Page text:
Updated: May 3, 2022
- Spanish startup founders make every Euro count.
You know the expression for buying any type of product or service: "Fast, low-cost, high-quality, pick two!" What if Spanish tech startups actually live up to all three of these desirable factors, without always being aware of it?
I have been closely following the ongoings in Spain's startup ecosystem for more many years now and lately I have been asking myself what the unique, common denominator is when it comes to being able to attract international capital. Is there something else worth highlighting, more than "just" the access to tech talent to comparatively low labor cost?
Something clicked when chatting with an American investor who said:
"Early-stage Spanish startups tend to fundraise seed capital on an ongoing bases, rather than sourcing their needs in one go, because they believe money is scarce."
Let's compare this way of thinking with the financial behaviors of founders in the complete opposite startup hub of Silicon Valley, or with other, much more mature ecosystems, where the reality is another with a lot of money circulating and readily available from a large community of tightly connected investors, especially for Fintech, SAAS and Marketplace.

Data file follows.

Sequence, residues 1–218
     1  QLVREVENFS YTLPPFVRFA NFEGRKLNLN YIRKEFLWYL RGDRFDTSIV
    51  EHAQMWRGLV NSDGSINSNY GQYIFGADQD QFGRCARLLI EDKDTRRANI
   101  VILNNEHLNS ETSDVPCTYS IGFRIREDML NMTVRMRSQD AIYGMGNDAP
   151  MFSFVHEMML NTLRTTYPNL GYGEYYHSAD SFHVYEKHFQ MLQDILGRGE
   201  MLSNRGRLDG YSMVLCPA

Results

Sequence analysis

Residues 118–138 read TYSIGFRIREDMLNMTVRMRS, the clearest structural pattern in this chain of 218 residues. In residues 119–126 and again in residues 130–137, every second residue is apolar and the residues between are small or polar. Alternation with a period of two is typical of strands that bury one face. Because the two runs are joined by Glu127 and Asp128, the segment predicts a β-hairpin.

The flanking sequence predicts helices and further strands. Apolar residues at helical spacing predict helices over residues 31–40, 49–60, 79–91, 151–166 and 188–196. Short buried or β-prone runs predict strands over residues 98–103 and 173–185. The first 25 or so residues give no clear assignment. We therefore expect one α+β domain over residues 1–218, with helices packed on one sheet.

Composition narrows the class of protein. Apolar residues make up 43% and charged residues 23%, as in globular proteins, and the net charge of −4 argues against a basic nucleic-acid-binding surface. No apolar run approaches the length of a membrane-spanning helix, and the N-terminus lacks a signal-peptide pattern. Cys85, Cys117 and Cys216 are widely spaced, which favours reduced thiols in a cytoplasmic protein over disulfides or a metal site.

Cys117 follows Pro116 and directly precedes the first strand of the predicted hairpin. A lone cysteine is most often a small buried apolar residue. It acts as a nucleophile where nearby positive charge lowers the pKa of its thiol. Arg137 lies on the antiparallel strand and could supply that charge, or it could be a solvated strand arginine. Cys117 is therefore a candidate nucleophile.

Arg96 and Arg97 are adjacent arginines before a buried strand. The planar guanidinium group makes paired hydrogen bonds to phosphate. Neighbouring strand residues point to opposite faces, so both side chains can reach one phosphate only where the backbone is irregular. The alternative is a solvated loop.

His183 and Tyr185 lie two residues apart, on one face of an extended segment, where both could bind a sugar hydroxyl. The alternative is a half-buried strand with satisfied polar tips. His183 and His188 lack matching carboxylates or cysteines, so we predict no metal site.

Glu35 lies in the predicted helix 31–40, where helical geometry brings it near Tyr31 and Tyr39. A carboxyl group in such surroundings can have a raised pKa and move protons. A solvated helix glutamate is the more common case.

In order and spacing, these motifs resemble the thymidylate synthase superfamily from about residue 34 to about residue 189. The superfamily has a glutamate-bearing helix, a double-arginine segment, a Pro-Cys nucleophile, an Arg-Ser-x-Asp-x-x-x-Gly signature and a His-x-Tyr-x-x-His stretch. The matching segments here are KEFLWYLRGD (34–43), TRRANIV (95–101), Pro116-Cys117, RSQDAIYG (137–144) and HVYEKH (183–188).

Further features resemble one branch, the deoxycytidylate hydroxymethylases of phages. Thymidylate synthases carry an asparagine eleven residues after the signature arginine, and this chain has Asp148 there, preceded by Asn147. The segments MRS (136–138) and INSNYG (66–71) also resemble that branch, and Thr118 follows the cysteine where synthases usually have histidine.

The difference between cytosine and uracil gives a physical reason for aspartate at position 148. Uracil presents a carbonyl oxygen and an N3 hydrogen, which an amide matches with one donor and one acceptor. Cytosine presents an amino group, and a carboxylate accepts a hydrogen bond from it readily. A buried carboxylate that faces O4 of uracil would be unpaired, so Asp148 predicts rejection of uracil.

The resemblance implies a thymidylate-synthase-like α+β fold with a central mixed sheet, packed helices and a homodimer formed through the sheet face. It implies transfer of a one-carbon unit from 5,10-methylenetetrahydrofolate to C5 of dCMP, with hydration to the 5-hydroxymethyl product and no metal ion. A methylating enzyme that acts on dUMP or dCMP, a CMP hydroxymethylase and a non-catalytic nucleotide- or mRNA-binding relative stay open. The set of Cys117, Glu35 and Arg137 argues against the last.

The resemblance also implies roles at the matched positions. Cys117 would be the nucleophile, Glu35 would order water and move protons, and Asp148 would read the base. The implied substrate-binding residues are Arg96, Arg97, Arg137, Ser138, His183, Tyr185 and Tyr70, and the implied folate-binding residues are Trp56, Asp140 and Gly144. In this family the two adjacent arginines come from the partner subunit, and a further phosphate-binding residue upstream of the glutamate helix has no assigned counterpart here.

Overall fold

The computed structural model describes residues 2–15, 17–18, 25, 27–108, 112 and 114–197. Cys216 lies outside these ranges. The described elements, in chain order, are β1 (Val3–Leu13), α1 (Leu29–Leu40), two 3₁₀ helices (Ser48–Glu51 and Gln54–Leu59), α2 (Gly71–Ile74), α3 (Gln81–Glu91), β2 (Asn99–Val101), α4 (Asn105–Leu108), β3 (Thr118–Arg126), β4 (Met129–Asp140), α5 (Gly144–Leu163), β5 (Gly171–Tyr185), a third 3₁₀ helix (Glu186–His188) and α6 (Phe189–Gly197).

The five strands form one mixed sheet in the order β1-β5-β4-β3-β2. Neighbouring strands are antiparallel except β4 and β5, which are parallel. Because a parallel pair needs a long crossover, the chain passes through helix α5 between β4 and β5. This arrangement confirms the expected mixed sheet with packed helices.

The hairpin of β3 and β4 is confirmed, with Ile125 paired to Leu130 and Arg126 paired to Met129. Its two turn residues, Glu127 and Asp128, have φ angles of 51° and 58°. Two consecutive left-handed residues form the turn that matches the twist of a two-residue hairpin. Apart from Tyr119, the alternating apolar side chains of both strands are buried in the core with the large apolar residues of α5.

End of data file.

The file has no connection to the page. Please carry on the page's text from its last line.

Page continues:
My theory here is that this belief, that venture money is scarce within the borders of Spain, adding the belief that it is difficult to get the attention of international investors, has made Spanish founders a lot more financially strict than their counterparts in the rest of the world.
One proud investor wrote Investing in Spain’s #1 Neobank, giving praise to Bnext, a famous Spanish, Fintech for having: "Amazing KPIs and very competitive pricing vs the industry".
He further states in his blog post.
"In addition to the promising KPIs, beaten month over month, their cost of consumer acquisition was largely inferior to that of their larger competitors in Europe."
"Almost 300K customers that had costed them 15 euros to acquire in average, a fraction of what it costs to any other Bank with a real usage of at least twice a month."
The affordability factor is central
If you believe that money is very hard to come by, then you are probably more likely to take that mindset to product- and service-building as well, carefully breaking down every economic unit into smaller parts to look for cost-savings and efficiencies, coupled with a commitment to lower prices for the end-customer as well.